Coronavirus Pandemic: Rice and wheat prices surge may threaten global food security


Increased panic buying of food due to coronavirus lockdowns has led to price spikes for the world’s two staple grains – rice and wheat. Reuters data showed, rice prices are now the highest since late April 2013.

Importers have rushed to stockpile the goods, while exporters have curbed shipments.

The price of rice has hit seven-year highs, while wheat futures have risen by around 15 percent since the second half of March.

The International Grain Council expects a sharp upturn in near-term demand for rice and wheat-based foods.

According to the Thai Rice Exporters Association, the price of five percent broken white rice (the industry benchmark) rose 12 percent between March 25 and April 1.

“Supply is currently tightening due to the impact of the Covid-19 (coronavirus) pandemic on demand and trade, as well as to the aftermath of bad weather in key producers (severe drought in South East Asia and Australia),” said Fitch Solutions.

Rice prices had started climbing in late 2019 due to a severe drought in Thailand and strong demand from Asian and African importers.

Thailand is the world’s second-largest exporter after India, one place ahead of Vietnam.

In India, rice traders have now stopped signing new export contracts as labor shortages and logistical disruptions have been hampering the delivery of existing contracts.

“Unlike other sectors, agriculture is heavily affected by the timing of the lockdown, rather than the duration, because of the strict planting and harvesting calendar,” said Samarendu Mohanty, Asia regional director at the Peru-based International Potato Center (a non-profit group researching food security).

He explained to CNBC that North America, Europe and China are now facing labor shortages and supply line disruptions for spring planting and “if the planting season is missed, there will be no crop for the season or for the entire year.”

Food industry associations and organizations are urging countries to keep trade open. According to Mohanty: “One cannot blame countries for ensuring their domestic food security during this trying time, but countries need to be extra careful in taking unnecessary policy measures that could create panic in the market.”

He said that “countries should be aware that enough grains exist in warehouses to feed the world for more than four months. But these grains are of no use if countries resort to trade restrictions.”

Oil prices surge

Crude prices jumped 12 percent on Thursday after the Organization of the Petroleum Exporting Countries (OPEC) and major producers led by Russia agreed to cut output by 20 million barrels a day.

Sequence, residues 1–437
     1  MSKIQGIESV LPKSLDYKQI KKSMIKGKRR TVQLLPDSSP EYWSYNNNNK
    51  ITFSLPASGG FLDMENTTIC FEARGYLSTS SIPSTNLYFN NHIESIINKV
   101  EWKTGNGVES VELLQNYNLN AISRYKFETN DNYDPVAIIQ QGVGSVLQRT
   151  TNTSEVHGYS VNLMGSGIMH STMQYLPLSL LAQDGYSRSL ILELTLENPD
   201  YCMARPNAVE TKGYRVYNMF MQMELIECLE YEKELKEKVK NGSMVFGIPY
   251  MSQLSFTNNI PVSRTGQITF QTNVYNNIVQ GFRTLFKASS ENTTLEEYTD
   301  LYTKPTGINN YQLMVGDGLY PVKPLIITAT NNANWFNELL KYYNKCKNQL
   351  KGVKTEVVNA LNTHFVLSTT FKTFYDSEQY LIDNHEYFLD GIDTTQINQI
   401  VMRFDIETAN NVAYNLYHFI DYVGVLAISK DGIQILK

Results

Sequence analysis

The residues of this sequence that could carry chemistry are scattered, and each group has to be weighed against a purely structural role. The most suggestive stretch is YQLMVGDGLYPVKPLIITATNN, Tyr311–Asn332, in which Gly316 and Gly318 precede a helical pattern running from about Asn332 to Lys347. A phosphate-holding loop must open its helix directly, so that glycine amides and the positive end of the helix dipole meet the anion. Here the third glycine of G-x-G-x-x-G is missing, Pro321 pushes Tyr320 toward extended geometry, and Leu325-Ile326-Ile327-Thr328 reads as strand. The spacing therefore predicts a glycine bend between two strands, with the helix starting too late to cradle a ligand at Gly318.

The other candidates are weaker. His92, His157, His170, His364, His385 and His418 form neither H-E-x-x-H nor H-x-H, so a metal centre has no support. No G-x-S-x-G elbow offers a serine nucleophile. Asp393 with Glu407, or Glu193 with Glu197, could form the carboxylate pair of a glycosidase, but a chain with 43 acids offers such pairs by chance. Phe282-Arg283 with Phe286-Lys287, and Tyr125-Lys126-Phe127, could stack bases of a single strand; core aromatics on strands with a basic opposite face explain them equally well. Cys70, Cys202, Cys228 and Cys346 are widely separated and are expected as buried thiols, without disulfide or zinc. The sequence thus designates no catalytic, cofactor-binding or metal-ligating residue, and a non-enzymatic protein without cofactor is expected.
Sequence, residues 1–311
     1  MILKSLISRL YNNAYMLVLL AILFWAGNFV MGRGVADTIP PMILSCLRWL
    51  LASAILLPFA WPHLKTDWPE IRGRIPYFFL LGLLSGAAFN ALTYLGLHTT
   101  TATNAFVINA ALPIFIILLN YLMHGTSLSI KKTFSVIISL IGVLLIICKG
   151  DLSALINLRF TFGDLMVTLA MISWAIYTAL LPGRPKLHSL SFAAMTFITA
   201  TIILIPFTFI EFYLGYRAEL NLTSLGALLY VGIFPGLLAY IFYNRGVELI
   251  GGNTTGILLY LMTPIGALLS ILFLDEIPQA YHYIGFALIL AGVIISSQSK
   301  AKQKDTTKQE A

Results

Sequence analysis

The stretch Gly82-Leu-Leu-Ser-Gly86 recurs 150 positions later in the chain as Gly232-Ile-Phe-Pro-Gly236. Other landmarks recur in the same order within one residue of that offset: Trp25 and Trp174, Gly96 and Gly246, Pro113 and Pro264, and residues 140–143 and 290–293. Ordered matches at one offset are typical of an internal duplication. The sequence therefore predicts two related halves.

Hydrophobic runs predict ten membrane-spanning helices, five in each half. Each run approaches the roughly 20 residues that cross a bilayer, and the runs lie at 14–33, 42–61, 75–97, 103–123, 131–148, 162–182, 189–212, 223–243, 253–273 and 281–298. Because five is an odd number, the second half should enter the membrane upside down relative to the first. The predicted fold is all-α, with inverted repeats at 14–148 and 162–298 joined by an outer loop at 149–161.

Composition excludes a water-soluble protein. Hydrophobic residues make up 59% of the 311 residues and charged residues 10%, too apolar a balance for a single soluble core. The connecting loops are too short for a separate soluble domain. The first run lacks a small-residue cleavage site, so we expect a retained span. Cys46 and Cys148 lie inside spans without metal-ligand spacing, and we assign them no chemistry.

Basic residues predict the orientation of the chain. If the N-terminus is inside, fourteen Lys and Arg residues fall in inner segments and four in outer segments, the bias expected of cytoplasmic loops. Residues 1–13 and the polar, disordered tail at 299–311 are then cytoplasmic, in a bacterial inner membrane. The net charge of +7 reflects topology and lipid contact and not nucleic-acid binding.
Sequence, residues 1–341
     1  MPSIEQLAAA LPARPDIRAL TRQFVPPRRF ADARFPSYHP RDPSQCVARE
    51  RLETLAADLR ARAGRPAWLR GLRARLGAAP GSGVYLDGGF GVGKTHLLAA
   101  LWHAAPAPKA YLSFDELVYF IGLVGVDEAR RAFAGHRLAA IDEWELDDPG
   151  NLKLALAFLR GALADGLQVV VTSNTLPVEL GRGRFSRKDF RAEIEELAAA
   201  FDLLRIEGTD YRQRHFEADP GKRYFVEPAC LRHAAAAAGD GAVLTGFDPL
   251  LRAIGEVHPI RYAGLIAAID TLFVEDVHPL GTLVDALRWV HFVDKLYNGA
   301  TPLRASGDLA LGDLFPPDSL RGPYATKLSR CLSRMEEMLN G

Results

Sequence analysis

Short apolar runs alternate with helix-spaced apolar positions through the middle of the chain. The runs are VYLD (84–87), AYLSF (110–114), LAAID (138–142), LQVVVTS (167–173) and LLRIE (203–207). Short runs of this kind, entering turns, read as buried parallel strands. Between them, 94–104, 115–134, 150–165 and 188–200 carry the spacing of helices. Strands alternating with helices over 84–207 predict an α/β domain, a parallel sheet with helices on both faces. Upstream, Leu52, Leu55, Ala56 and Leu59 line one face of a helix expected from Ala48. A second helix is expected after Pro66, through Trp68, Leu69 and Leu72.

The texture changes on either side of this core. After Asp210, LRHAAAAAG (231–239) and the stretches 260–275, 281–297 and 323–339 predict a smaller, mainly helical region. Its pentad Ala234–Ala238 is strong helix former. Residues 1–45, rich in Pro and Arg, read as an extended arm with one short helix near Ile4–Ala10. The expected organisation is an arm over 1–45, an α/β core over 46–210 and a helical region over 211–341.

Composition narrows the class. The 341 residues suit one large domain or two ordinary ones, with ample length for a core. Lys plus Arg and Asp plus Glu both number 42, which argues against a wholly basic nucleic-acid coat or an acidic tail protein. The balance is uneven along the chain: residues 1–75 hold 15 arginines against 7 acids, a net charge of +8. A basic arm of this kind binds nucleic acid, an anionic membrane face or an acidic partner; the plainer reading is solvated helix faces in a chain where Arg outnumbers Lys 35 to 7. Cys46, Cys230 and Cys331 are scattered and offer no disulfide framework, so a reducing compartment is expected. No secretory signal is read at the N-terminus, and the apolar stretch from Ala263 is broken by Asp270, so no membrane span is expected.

U.S. West Texas Intermediate surged 12 percent on the report of collective cuts to $28.36 per barrel, while international benchmark Brent crude gained 8.5 percent to $35.79 a barrel.

Oil prices have collapsed after OPEC+ countries disagreed on production cuts last month, with Russia refusing to lower output. In response, Saudi Arabia ramped up its production to a record high of more than 12 million barrels per day, after previous OPEC+ production cuts expired at the end of March.

Russian President Vladimir Putin said last week that the world needs to cut production by 10 million bpd. During a televised meeting with Energy Minister Alexander Novak, Putin said the Saudis were flooding the market to force competing shale oil producers out of business, particularly in the U.S.

The U.S. currently produces around 15 million bpd, followed by Saudi Arabia with 12 million bpd and Russia with 10 million bpd. Putin said that moving forward, Moscow would be comfortable with a price of $42 per barrel, roughly $10-15 higher than the current levels.

Gold rush

As Covid-19 disrupts the global economy, people are snapping up small gold bars and coins, confirming once again the yellow metal’s safe haven reputation during times of uncertainty.

The price of gold hit a seven-year high of more than $1,700 per troy ounce on March 9, as a result of the deepening economic impact of the coronavirus outbreak.

“People want to buy, not sell, gold,” Mark O’Byrne, the founder of GoldCore, a dealer based in Dublin, told Bloomberg. “We have a buyers’ waiting list and we emailed our clients seeing who wished to sell their gold. At this time there are roughly only one or two sellers for every 99 buyers.”

According to Markus Krall, chief executive of German precious-metal retailer Degussa, premiums in the retail market “have exploded.” The average price of products in shops is somewhere between 10 percent and 15 percent over spot prices, Krall explained, adding that he’s never seen that before. Demand has also hit the highest level he has ever experienced.

United Overseas Bank (UOB) reported that in March, the market has encountered a “massive short squeeze for physical gold” as the epidemic reduced air transport and shut down bullion trading centers and refineries.

“This pushed future price for gold to a significant premium against spot price. The net result for this is also a wider bid-offer spread for gold amidst signs of limited liquidity,” said UOB’s Head of Markets Strategy Heng Koon.

He added that after a temporary drop below $1,500 an ounce, gold has rebounded and is ready for a major rally.



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